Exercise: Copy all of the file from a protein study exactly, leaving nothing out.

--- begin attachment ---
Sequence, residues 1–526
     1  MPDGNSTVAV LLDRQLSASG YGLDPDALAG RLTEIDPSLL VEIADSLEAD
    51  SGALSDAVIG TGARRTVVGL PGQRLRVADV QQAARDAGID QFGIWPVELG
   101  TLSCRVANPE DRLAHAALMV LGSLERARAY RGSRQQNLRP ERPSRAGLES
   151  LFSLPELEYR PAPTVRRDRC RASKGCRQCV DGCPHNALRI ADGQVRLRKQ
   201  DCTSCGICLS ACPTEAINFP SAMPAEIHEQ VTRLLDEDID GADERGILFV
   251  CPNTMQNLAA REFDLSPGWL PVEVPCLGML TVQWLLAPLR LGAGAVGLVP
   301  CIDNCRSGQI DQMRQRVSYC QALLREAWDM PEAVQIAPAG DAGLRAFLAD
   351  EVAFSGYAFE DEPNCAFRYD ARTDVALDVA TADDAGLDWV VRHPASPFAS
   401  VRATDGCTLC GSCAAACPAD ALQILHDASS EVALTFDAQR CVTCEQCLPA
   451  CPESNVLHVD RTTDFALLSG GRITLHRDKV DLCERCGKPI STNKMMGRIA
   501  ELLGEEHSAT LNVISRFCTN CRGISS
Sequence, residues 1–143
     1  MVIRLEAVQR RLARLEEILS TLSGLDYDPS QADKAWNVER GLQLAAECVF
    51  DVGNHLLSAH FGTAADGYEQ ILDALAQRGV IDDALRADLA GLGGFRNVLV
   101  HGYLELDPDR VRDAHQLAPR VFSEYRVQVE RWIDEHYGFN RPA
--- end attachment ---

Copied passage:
Sequence, residues 1–526
     1  MPDGNSTVAV LLDRQLSASG YGLDPDALAG RLTEIDPSLL VEIADSLEAD
    51  SGALSDAVIG TGARRTVVGL PGQRLRVADV QQAARDAGID QFGIWPVELG
   101  TLSCRVANPE DRLAHAALMV LGSLERARAY RGSRQQNLRP ERPSRAGLES
   151  LFSLPELEYR PAPTVRRDRC RASKGCRQCV DGCPHNALRI ADGQVRLRKQ
   201  DCTSCGICLS ACPTEAINFP SAMPAEIHEQ VTRLLDEDID GADERGILFV
   251  CPNTMQNLAA REFDLSPGWL PVEVPCLGML TVQWLLAPLR LGAGAVGLVP
   301  CIDNCRSGQI DQMRQRVSYC QALLREAWDM PEAVQIAPAG DAGLRAFLAD
   351  EVAFSGYAFE DEPNCAFRYD ARTDVALDVA TADDAGLDWV VRHPASPFAS
   401  VRATDGCTLC GSCAAACPAD ALQILHDASS EVALTFDAQR CVTCEQCLPA
   451  CPESNVLHVD RTTDFALLSG GRITLHRDKV DLCERCGKPI STNKMMGRIA
   501  ELLGEEHSAT LNVISRFCTN CRGISS
Sequence, residues 1–143
     1  MVIRLEAVQR RLARLEEILS TLSGLDYDPS QADKAWNVER GLQLAAECVF
    51  DVGNHLLSAH FGTAADGYEQ ILDALAQRGV IDDALRADLA GLGGFRNVLV
   101  HGYLELDPDR VRDAHQLAPR VFSEYRVQVE RWIDEHYGFN RPA